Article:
Making Things People Want >
Making People Want Things
It is three years, nine months, six days, four hours and forty-seven minutes since I carefully marked out Make Things People Want > Make People Want Things in the visitors book at Clinic in London.
I signed it @willsh. The @ symbol was first used to measure quantity, but is now helps measure quality (or indeed lack of). It tells you who made something, and invites you to connect with them instantly. It is a maker’s mark with a living stream of consciousness.
The tools we use today to create, capture or communicate mean that the things we make are invariably linked to us, their creators, and also to the fixed moment in time when they were brought into being.
When we record the minutes and seconds so accurately, it is perhaps hard to think of anything as ‘timeless’ from now on. The ripples always start somewhere.
In this case, I shared a photo of it on Instagram; the image, date, time and place marked for as long as anyone can find that image file. Then I shared it on twitter, then the blog, then…
Wait, let’s start earlier.
— — — — — — — — —
It is four years, one month, five days, one hour and thirty-two minutes since I resigned as Chief Innovation Officer at PHD in London, a position I’d held for some five years.
Do I recall this with such certainty because I posted a picture of my boss’s reaction to the news on Instagram? No, of course not, what do you take me for? It’s because I decided to resign on May 4th 2011. Star Wars Day. Shortly before lunch.
Reading that back, I’m torn between which of the two is worse.
Why resign? It was a great job, at a great agency. In truth, something bothered me about the world I worked in. I couldn’t quite put my finger on it at the time, so instead I left to find out…
FOUR WORDS, TWICE
It is three years, ten months, and about twenty days since I sat down with some blank playing cards, a black fine point 1.0mm Sharpie, and stumbled upon a phrase that’s changed my life:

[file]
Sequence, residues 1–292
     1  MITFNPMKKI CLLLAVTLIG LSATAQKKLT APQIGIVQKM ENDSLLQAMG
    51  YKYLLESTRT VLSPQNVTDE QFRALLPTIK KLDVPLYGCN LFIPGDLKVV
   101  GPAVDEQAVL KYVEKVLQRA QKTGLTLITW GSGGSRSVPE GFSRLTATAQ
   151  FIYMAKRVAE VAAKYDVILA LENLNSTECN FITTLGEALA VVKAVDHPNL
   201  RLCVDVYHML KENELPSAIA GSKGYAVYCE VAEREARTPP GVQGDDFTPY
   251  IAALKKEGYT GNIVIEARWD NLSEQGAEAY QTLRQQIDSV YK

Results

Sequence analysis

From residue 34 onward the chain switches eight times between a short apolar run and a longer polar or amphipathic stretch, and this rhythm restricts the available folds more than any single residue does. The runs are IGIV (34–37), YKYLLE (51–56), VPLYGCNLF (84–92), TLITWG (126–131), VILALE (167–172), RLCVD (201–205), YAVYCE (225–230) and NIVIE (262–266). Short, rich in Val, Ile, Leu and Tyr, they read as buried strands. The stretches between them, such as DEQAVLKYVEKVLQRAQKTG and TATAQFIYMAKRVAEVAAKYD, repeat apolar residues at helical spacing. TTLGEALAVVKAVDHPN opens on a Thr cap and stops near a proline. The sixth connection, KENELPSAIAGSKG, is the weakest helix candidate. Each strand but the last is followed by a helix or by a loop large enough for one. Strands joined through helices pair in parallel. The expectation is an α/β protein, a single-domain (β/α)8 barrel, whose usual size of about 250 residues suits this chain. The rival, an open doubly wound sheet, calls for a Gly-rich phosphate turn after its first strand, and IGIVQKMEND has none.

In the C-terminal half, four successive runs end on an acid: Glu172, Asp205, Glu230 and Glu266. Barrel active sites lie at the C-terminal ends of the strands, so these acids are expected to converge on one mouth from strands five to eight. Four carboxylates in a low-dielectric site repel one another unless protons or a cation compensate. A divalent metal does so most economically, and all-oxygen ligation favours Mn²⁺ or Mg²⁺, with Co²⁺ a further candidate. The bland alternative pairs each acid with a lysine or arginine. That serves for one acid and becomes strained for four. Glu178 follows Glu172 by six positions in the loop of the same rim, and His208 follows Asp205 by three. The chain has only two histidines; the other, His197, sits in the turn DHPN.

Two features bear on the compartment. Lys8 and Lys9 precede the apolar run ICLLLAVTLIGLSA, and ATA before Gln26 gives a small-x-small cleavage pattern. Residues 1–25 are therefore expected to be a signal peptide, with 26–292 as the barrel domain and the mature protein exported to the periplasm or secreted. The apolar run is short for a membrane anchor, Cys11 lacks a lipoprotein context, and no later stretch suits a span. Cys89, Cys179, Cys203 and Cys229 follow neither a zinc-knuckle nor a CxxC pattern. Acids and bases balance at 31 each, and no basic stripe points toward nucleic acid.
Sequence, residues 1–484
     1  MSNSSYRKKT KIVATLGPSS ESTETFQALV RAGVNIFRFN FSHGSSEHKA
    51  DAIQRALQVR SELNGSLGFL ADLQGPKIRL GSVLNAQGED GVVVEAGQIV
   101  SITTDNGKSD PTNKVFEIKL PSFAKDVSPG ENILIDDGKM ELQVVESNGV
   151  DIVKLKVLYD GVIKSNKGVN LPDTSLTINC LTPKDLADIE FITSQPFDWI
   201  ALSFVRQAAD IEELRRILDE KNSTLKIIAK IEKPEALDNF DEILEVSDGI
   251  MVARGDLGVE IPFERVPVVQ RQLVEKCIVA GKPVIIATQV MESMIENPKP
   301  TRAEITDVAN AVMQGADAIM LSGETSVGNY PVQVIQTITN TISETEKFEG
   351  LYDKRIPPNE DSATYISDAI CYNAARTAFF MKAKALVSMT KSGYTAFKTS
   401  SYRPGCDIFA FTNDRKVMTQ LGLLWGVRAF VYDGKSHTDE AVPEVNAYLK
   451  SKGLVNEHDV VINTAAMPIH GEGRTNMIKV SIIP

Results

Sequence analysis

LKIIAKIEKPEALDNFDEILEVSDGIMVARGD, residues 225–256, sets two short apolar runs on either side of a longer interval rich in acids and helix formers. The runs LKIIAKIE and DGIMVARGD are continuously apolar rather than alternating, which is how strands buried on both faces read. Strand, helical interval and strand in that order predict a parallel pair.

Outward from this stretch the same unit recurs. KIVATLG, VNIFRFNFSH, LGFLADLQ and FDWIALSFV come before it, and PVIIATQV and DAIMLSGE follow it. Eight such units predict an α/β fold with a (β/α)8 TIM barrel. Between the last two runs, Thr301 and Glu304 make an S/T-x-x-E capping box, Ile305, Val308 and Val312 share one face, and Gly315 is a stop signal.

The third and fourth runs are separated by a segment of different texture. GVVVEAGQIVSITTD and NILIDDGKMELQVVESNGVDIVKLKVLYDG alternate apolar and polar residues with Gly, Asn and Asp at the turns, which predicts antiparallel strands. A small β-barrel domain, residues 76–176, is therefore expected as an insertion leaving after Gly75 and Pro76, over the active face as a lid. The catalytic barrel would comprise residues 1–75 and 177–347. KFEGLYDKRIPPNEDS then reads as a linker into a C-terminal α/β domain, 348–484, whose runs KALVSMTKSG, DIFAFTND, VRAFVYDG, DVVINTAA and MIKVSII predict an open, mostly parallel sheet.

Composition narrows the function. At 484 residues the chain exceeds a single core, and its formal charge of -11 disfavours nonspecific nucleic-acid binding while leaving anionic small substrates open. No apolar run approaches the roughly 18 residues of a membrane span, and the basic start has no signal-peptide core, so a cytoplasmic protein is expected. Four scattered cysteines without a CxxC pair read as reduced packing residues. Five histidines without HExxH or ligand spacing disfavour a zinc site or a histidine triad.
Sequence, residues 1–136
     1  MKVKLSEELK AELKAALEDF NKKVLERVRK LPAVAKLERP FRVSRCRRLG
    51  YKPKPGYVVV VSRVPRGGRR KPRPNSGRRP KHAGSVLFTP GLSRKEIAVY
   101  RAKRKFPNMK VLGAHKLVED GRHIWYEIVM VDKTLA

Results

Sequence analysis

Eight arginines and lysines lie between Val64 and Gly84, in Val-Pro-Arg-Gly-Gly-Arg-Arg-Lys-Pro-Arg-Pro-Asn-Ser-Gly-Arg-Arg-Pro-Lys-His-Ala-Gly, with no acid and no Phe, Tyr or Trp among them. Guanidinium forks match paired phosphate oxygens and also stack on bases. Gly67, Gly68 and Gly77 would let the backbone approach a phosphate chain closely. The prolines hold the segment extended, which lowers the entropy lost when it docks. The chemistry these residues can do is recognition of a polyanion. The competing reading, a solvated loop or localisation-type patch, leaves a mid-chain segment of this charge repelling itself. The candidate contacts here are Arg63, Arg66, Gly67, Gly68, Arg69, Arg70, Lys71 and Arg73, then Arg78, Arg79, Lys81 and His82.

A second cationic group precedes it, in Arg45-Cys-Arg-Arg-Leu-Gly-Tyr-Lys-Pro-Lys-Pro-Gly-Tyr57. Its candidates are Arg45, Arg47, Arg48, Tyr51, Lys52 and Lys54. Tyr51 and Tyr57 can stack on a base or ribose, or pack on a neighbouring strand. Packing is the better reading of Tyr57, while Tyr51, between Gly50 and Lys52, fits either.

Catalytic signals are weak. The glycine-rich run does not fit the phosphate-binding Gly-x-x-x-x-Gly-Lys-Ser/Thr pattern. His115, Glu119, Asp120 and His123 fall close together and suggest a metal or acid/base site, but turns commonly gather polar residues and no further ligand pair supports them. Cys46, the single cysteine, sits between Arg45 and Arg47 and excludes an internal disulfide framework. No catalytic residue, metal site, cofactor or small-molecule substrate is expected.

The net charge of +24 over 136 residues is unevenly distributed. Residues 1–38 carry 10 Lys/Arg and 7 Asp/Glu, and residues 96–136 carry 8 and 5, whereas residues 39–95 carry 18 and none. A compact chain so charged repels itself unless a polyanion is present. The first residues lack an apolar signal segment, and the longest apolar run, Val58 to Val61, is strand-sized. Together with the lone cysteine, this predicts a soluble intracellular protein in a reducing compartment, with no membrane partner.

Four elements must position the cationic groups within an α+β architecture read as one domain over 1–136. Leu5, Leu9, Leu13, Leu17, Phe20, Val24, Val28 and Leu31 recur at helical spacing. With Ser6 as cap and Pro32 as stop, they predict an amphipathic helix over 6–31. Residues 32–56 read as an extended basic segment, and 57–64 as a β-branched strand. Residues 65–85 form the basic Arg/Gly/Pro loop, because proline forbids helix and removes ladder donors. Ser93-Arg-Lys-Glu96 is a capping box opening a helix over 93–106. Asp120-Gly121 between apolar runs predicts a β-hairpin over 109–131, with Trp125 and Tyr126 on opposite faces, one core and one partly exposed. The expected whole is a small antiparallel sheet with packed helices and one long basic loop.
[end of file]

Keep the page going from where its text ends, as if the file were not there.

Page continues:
Make Things People Want > Make People Want Things.
I can’t even remember why I’d written make, people, want, and things on the cards in the first place. It doesn’t really matter now. Perhaps that’s one of the beguiling things about a good creative process; you discover things you weren’t looking for.
Once discovered, once lodged in the conscious, it appears Make Things People Want > Make People Want Things is hard to shake off.
Perhaps, if “the limits of our language are the limits of our world” (Wittgenstein), then by this lingual slight of hand we can find ourselves transported to another world entirely.
This new world is a place where we can explore making things fit for purpose right now, rather than daubing fresh hieroglyphs on the tombs of brand gods people no longer worship. A place where we can discover new abilities, and reclaim old responsibilities.
MTPW > MPWT is a bridge between realms, spanning a chasm against the background of the times we live in. For too long, most companies have been content to simply exploit existing demand, and now find themselves unable to change.
MTPW > MPWT serves as the working ethos for Smithery, helping those companies explore alternative ways to create new demand, being small and nimble enough to dodge between the silos, and shaping experiences and prototypes with clients as we go.
From my experience across the last eight hundred and seventy one days, I’d like to offer some ideas about these four simple words.
FOUR WORDS, ONCE
It is four years and a handful of weeks since I was sitting in a cottage in the Lake District, reading The Craftsman by Richard Sennett, the premise of which is the assertion that “making is thinking”. Why should such a simple idea be such a big deal?
Well, there was a distinction drawn between thinking and making in wider society during the last century. Perhaps most acutely, in the shift to become a knowledge economy we have held the act of thinking in ever-higher regard, separating the cerebral activities from manual endeavours, in order to justify the increasingly high value we now must place on knowledge.
In truth though, it is much harder to separate the two; as Joseph Brodsky put it, “no honest craftsman or maker knows in the process of working whether he is making or creating”. In all we do, we are likely to be simultaneously creating and perceiving.